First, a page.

Fig. 8.

Detection of rearranged sequence among P388 derivatives.

PCR was performed using 10 μg genomic DNA of (A) P388 derivatives or (B) L cells containing serially diluted rearranged sequence from 106 copies to one copy. Primer pairs corresponding to the MuLV-mdr1a rearranged sequence (pr-ltr/m1aF and pr-ltr/m1aR) were used.

Alteration of the distribution of proviral MuLV during vincristine treatment

We hypothesized that the proviral MuLV was excised and integrated into the promoter region of the mdr1a gene during chemotreatment, probably by vincristine. We then examined whether the vincristine treatment could alter the distribution of the MuLV proviral genome. The experiment using a short-term culture of P388 in vitro failed, probably because the P388 cells, which had been maintained in vivo, have less viability in vitro. We then analyzed the MuLV distribution in the P388 derivatives by vectorette PCR (Figure9A). Although the number of bands detected was similar among the parental P388, P-V1, P-V2, P-V3, and P-V4 cells (Figure 9B, represented by sharp signs and asterisks), novel specific bands (arrows) were detected in P-V1, P-V2, P-V3, and P-V4 cells but not in parental P388 cells. This suggests that vincristine treatment might induce the excision and integration of proviral MuLV. By contrast, only a few bands were generated in mouse fibroblast L cells (Figure 9B, asterisks), suggesting that L cells might have fewer copies of MuLV than P388 leukemia cells. Similar but distinct patterns of the altered MuLV distribution were observed in the second independent experiment (data not shown). This result further suggested that the random integration of MuLV might be caused during these 2 independent experiments of vincristine chemotreatment.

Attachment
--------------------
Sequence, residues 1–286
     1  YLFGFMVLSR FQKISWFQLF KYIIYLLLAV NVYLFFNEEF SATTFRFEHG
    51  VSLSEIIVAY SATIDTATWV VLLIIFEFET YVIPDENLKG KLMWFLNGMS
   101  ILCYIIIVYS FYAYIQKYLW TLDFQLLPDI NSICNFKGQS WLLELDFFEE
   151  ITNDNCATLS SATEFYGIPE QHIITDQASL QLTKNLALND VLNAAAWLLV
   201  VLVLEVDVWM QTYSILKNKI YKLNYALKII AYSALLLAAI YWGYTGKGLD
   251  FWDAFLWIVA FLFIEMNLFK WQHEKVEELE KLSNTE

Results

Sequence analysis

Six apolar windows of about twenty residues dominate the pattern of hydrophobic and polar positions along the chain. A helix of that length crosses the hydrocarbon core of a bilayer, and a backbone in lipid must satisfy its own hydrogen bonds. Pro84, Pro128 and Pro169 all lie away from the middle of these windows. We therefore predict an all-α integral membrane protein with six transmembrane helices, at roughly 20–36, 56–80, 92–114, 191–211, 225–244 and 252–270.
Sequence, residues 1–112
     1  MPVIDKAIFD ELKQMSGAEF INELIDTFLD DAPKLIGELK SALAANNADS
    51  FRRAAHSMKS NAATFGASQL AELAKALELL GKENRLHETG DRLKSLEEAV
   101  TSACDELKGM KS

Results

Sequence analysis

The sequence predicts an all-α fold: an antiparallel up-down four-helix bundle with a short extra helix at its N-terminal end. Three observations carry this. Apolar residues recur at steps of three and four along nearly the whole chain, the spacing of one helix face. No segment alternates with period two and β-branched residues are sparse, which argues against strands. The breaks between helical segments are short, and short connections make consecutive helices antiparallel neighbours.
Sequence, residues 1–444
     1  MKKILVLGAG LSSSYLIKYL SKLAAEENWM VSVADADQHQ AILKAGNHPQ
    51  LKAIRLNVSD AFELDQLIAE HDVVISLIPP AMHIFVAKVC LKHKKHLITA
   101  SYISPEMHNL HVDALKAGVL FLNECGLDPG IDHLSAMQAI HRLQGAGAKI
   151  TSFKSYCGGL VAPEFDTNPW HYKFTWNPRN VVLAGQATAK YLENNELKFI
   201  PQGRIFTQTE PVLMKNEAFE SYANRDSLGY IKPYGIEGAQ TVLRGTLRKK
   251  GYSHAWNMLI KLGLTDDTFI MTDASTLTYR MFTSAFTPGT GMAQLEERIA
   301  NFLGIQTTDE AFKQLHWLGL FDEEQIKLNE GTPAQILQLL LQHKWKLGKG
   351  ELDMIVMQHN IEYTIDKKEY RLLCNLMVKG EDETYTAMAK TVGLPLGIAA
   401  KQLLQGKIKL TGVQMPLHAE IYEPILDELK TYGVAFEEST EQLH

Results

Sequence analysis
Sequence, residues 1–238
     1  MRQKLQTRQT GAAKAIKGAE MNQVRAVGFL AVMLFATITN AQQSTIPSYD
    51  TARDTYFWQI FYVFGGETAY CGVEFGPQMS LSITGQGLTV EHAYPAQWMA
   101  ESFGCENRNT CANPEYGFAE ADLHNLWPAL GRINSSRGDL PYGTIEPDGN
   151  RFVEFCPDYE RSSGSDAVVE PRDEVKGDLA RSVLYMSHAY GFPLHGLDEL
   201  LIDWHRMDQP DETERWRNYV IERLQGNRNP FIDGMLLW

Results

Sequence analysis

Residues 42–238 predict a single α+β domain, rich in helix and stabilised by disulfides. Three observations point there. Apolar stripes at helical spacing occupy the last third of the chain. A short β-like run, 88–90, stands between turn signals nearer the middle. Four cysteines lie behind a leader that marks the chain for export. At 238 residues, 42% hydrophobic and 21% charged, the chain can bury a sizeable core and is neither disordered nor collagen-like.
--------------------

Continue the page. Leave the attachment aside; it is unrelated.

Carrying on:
Fig. 9.

Detection of the altered distribution of proviral MuLV during vincristine treatment.

(A) Schematic representation of the vectorette PCR strategy. The filled and open bars represent the MuLV proviral genome and mouse genomic DNA, respectively. The black, gray, and light gray arrows correspond to uvp, musp1, and musp2, respectively. The capital letters N, S and X correspond to restriction sites for NheI, SpeI, and XbaI, respectively. Further details are described in “Materials and methods.” (B) Vectorette PCR products separated by 10% acrylamide gel. The arrows indicate P-V–derivative specific bands; the sharp signs, P388- and P-V–derivative specific bands; and the asterisks, P388- and P-V–derivative non-specific bands.